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CNN LARRY KING LIVE

House Passes Health Care Reform

Aired March 21, 2010 - 23:59   ET

THIS IS A RUSH TRANSCRIPT. THIS COPY MAY NOT BE IN ITS FINAL FORM AND MAY BE UPDATED.


WOLF BLITZER, CNN ANCHOR: Welcome to a special edition of LARRY KING LIVE. I'm Wolf Blitzer sitting in for Larry.

Lots to discuss. Lots to absorb and digest as we will over the next hour. But I want to go right to our senior White House correspondent Ed Henry. He's in the East Room of the White House where we just saw the president speak. The vice president was there with him. He laid out his agenda for the coming days and weeks that he minced no words, Ed.

ED HENRY, CNN SENIOR WHITE HOUSE CORRESPONDENT: Exactly right. The president saying boldly, this is what change looks like. When you talk to his top advisers they realizes -- realize this is someone who has faced a lot of criticism, recent weeks, recent months, that maybe he hasn't delivered on the change that he promised in the campaign.

This was a president coming out with a -- as you noted earlier, maybe a little bounce in his step. I think John King noted. And came out with the vice president, very clearly, very directly saying that they feel this is a major victory. Not for a political party, he said, but for the American people.

Let me just take you a little bit behind the curtain. You saw the president, the vice president. But on the other side of the room as the president walked in, some of his top aides walked in. You may not have seen this. Rahm Emanuel, the chief of staff, Robert Gibbs, his press secretary, David Axelrod.

Many of his lieutenants who have been working Capitol Hill in these final hours trying to make sure it would get through the House. And you could see all of them looking tired. It's late in the evening here, obviously. A lot of long days, long nights for them.

But Rahm Emanuel, in particular, had this beaming smile throughout. He was looking over at the media. Almost as if to say we told you so, after many, many months of prediction that this would not happen.

You can see that after some of the talk about internal strife here at the White House, talk about the president maybe not being able to deliver on this, they were sending the message very clearly, very directly. They think they delivered, Wolf.

BLITZER: Because when they thought only within the past few weeks it was dead health care reform. There were articles galore appearing. This is a president who's weak. He can't deliver. He can't finish. He can't close the deal. And there were a lot of articles critical of Rahm Emanuel saying, you know what? He just didn't have a good strategy, he was not necessarily up to the job, himself. But they won. They won big today, Ed.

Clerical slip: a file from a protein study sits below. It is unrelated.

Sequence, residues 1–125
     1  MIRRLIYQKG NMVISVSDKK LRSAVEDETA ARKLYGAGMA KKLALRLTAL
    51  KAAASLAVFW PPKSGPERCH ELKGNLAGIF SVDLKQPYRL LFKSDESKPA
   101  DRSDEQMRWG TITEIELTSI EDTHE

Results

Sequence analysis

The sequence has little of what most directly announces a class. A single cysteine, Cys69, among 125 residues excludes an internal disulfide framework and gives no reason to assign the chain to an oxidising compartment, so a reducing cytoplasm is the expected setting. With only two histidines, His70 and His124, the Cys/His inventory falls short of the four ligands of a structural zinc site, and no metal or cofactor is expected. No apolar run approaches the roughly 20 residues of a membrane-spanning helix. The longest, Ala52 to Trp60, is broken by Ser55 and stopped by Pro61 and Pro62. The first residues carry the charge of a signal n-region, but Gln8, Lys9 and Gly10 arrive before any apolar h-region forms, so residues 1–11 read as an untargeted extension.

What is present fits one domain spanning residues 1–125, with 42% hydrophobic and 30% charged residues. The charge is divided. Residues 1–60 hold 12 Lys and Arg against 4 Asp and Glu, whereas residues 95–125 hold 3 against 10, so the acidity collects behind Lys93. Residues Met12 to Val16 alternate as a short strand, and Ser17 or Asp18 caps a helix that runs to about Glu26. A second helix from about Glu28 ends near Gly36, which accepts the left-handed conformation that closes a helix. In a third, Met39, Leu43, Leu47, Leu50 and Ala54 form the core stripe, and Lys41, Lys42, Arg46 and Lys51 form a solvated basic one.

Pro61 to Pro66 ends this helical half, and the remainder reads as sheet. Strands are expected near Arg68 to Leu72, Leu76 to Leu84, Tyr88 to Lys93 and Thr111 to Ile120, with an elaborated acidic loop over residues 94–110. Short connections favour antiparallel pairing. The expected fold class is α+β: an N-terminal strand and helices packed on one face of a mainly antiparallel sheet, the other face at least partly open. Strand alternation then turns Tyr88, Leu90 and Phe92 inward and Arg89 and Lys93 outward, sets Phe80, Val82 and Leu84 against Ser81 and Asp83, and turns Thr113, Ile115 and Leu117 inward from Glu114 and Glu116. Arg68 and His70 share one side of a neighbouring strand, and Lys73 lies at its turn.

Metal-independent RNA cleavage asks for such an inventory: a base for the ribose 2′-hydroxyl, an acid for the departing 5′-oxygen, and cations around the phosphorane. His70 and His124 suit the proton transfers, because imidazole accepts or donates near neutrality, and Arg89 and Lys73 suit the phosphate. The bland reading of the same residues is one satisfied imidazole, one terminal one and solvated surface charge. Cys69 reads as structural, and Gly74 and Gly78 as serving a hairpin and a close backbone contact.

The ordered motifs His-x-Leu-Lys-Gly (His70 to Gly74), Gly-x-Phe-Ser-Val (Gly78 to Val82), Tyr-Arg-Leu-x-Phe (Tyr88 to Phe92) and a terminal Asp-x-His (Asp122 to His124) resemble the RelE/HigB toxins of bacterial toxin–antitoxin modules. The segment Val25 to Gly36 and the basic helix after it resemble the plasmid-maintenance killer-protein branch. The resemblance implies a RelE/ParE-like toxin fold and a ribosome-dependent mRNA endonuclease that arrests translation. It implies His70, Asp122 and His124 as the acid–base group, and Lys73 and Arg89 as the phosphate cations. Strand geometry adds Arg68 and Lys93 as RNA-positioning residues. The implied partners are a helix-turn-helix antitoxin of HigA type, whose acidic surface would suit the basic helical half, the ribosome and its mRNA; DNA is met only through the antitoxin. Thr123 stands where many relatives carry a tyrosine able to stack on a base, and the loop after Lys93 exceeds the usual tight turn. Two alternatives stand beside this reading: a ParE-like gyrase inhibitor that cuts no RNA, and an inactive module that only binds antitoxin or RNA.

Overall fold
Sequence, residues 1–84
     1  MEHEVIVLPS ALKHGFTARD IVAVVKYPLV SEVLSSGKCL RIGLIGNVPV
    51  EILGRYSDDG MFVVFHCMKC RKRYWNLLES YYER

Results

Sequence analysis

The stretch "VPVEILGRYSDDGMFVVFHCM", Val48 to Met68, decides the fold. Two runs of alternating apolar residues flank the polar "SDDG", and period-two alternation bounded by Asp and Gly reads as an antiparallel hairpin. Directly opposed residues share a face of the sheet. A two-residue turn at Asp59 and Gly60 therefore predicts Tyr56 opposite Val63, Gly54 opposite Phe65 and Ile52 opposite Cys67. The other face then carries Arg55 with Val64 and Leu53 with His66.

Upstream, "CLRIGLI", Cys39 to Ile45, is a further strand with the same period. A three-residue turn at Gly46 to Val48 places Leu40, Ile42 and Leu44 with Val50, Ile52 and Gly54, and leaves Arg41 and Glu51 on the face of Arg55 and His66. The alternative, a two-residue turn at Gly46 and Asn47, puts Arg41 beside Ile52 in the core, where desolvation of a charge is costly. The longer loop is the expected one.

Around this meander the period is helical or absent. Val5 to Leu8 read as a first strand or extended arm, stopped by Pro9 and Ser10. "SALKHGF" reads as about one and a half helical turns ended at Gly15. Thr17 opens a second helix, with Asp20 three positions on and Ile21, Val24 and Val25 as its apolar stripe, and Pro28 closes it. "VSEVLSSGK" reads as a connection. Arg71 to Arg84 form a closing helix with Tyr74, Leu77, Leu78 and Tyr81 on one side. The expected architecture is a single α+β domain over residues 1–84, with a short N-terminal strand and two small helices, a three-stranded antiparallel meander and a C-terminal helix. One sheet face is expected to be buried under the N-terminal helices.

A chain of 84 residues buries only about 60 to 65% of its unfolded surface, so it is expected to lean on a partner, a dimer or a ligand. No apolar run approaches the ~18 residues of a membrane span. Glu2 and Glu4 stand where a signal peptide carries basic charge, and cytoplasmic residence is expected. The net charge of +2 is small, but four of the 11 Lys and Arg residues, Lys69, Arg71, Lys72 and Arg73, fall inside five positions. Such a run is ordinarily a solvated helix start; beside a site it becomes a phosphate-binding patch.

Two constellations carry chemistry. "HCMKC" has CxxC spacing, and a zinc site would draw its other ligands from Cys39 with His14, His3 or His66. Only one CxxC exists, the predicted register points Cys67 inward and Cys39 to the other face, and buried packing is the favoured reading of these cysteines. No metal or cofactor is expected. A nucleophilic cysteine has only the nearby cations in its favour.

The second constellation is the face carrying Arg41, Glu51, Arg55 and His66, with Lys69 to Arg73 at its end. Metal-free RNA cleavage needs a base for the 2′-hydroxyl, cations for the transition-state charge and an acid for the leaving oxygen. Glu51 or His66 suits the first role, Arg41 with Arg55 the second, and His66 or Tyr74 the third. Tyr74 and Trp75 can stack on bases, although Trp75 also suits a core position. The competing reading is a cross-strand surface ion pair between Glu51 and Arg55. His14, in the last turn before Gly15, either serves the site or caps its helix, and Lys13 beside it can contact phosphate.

HENRY: They did. And they're going to be very aggressive. You saw the president, himself, doing this, but in talking to some of his senior advisers this evening before his remarks, I was told he is now going to be hitting the road. In fact later this week he's going to start traveling. He's going to travel to several cities in the next few weeks.

If you thought the road show, if you thought the barnstorming was over, not by a long shot. He's going to go from trying to sell this to the Congress to trying to sell it to the American people in terms of benefits of what he believes it's going to deliver for individuals, for small businesses.

Thirty-two million people now who are not covered will be covered. If you believe the estimates of this legislation.

Until I think it's very clear that when in his remarks as well, the message he's going to be taking to the American people. He has been accused of taking the country to the left, of wanting a government takeover of health care, and what he was saying in those brief remarks right there was this is middle of the road, this is not a government takeover, and when the American people see all this laid out they're going to see that some of these charges were erroneous.

And so he's very clearly trying to recalibrate the message very quickly, Wolf.

BLITZER: Ed, stand by. The speaker of the House, Nancy Pelosi, is getting ready to speak. Let's listen.

UNIDENTIFIED MALE: Good evening.

REP. NANCY PELOSI (D), SPEAKER OF THE HOUSE: Good evening. I know you're there. I can hear the --

(LAUGHTER)

UNIDENTIFIED MALE: Good morning.

PELOSI: Is it morning? Not yet.

UNIDENTIFIED MALE: Yes, it is.